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Economics banking efficiency in selected African countries in the post-reform period


Mzee, Said Seif (2013) Economics banking efficiency in selected African countries in the post-reform period. PhD thesis, Universiti Putra Malaysia.


Banks play an important role in the developing economies as they intermediate between the savings and the demand for investment and consumption funds that finance the development of business and trade. To efficiently and effectively perform this function and help optimize the allocation of scarce investment funds, evaluation of banking sector efficiency is necessary. Not much has been documented on the efficiency of banks in Africa due to a combination of several reasons such as in availability of reliable data,corporate non-transparency, and political and economic uncertainty. Therefore, to date there is no comprehensive evidence documented on banking efficiency in Africa. However in recent years, most of the African countries had some form of economic and financial reforms initiated that has attracted foreign investment in their economies and had some observed improvements in their banking system to support this new development. This study fills this gap by analyzing cost and profit efficiency and tests the management behavior of 128 commercial banks in six African countries during 1998 to 2011 using DEA technique. The determinants of the banking efficiency were also investigated using the Generalized Least Square (GLS), management behaviour were examined using Generalized Method of Moment (GMM), and the causal relationship between bank efficiency and economic growth using Granger causality approach. The findings are inconclusive for commercial banks in Africa. Mixed results were observed for banks in Algeria and South Africa, and Tanzania are found to be more profit efficient,whereas banks in Egypt, Kenya, and Nigeria found to be more cost efficient. The implication of these findings is that commercial banks in Algeria, South Africa, and Tanzania are more efficient in generating profit than controlling cost, while banks in Egypt, Kenya, and Nigeria are more efficient in controlling cost than generating profit. The findings on determinants of bank efficiency using bank specific, macroeconomic specific and industry specific determinants vary between countries but do significantly contributes towards bank efficiency. There was evidence of causality relationship between bank efficiency and economic growth which implies no long run relationship between these variables where in both case the null hypothesis of no cointegration cannot be rejected. Nonetheless, in almost all cases there is a Granger causality relationship between bank cost efficiency and economic growth and between bank cost efficiency and profit efficiency, suggesting that more cost efficient bank are also the more profit efficient bank. For the bank management behavior perspective, the findings suggests that the ‘bad luck’ hypothesis applies to commercial banks in Algeria and Nigeria but not for banks from Egypt, Kenya, South Africa and Tanzania.When banks were classified on group of countries basis, unlike the commercial banks in Kenya and Tanzania, the bad luck hypothesis supports the behavior of commercial banks in the SENA region. The bad management hypothesis explains the behavior of commercial banks in the SENA region but not for banks in the Kenya and Tanzanian region.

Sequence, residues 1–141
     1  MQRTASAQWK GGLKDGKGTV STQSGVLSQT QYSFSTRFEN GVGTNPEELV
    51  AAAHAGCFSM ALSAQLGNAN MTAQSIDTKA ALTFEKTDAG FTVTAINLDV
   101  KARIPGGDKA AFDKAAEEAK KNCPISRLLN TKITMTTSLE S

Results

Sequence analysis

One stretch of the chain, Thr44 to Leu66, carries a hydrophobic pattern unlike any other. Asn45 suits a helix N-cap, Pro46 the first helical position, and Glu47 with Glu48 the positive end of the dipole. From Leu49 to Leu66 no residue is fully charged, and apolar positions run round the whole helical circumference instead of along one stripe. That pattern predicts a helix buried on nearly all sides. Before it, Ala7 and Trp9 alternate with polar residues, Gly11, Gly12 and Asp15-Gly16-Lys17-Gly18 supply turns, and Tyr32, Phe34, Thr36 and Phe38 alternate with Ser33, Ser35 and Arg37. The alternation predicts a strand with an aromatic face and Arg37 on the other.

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Additional Metadata

Item Type: Thesis (PhD)
Subject: Banks and banking - Africa
Subject: Money
Subject: Economics
Call Number: GSM 2013 11
Chairman Supervisor: Professor Dr. Shamsher Mohamad Ramadili, PhD
Divisions: Graduate School of Management
Depositing User: Haridan Mohd Jais
Date Deposited: 14 Apr 2017 08:40
Last Modified: 14 Apr 2017 08:40
URI: http://psasir.upm.edu.my/id/eprint/51789
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